It's available this week in either a 2-disc or 4-disc set. The 2-disc set features 2 hours of supplements, including an introduction by Hackford, an hour-long making-of documentary and 54-minutes of rehearsal footage. The 4-disc Ultimate Collector's Edition adds more interviews with "Witnesses to History" of the golden age of rock and roll, Chuck Berry talking about his musical memories, and other bonus footage, adding up to 7 hours of extra supplements.

"Beavis & Butthead - The Mike Judge Collection, Vol. 3"

If you don't like Beavis & Butt-head, just move on. I do, and I'm not afraid to admit it.

Luckily, Mike Judge still does too, and he has compiled the B&B collections with care. This third volume features 42 "episodes that don't suck," according to Judge, including 24 not before available on DVD. Even better, you get the original, uncut version of the notorious "Frog Baseball" (which delivers exactly what the title promises), "Taint of Greatness: The Journey of Beavis and Butt-head" featurette, and, most importantly, 15 music videos inter-cut with commentary from our two philosopher kings, including Soundgarden, Alice Cooper and Sonic Youth.

To me, the videos were always definitely the funniest stuff. I can't remember which video it was, maybe Culture Club or something crazy like that. As clowns are dancing across the scene or some other madness, Butt-head sums it all up just right: "I've seen the future, and it sucks."

Take a look around at our world today and try to tell me he wasn't onto something.

10 comments:

Domassism said...

haha... beavis & butthead... violently funny cartoons for our MTV generation... too bad there aren't that many for sell where i live though... certainly not this brand new collection... haihz =(

Chris said...

Judge also has a glimpse into our future with IDIOCRACY coming September 1. I still haven't seen any trailers, but it sounds funny.

Reel Fanatic said...

I too am looking forward to that one, Chris, but I also haven't seen too much about it ... from what little I have seen, it should be crazy and fun!

asdf said...

V for Vendetta was a great DVD that came from a great graphic novel. After reading the novel, and watching the movie, like you I can't understand Moore's beef with this movie. I thought the translation from book to movie was great.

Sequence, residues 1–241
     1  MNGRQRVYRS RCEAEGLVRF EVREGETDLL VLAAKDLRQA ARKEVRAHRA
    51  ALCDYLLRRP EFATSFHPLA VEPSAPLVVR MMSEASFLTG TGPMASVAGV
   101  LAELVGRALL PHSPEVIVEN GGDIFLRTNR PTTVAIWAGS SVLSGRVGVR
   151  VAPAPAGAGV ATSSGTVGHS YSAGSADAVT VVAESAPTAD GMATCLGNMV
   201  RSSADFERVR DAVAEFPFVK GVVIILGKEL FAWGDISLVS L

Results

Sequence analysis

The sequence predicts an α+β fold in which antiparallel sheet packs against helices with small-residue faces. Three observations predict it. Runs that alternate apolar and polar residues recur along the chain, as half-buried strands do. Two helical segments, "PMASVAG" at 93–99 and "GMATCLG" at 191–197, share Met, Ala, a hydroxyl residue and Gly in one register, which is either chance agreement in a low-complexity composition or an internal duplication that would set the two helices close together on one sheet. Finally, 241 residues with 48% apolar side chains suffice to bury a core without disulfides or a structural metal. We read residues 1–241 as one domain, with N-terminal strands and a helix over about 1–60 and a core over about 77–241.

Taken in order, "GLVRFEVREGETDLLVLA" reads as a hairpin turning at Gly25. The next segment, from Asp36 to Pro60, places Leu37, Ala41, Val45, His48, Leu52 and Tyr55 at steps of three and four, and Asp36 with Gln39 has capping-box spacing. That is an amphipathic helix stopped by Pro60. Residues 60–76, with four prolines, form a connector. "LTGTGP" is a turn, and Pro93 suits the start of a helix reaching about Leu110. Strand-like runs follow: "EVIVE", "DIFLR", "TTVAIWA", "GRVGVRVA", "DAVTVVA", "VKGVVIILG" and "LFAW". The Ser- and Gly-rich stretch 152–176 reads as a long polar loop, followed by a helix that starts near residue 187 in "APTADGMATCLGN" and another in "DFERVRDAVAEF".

themarina said...

V was fantastic. I can understand why Moore distanced himself from the production as well but it was a bad one to disassociate himself from.

As for B&B, for a long time, that was the best thing on tv. Honest! I even loved the movie!

Mercurie said...

I have to agree with you regards to Alan Moore distancing himself from the movie V For Vendetta. I realise that they made substantial changes from the graphic novel, but then it also seems to me that most of those changes were mostly for the better. That is, the graphic novel is a little bit dated--in most people's minds biological warfare is a closer threat than nuclear warfare now. But more importantly, it is simply a good movie. I would have thought he would have been proud to have his name associated with it (especially given the quality of some of the other movies based on his works).

Reel Fanatic said...

As you've all pointed out, he is clearly a fickle, but very talented, man .. I can't wait to see how he reacts to "Watchmen"!

Todd Jones said...

keef's drunken rambling about the time chuck berry punched him in the face and he didn't fall down makes hail hail rock 'n roll all worth it.

Reel Fanatic said...

That was indeed hilarious, Todd ... I read the memoirs of Chuck Leavell, a one-time member of the Allman Brothers and currently keyboardist for the Rolling Stones .. The whole thing, while entertaing, was fairly soft, giving almost everyone a pass on their bad behavior ... However, even nice-guy Chuck, who played in the "Hail! Hail!" concert, went out of his way to call Chuck Berry a royal asshole

Jeff Himself said...

V was well directed and well written script. the acting was spot on. I love the flick. Alan Moore is a bit reclusive i guess and yes the "league" did suck, but i enjoyed "from Hell"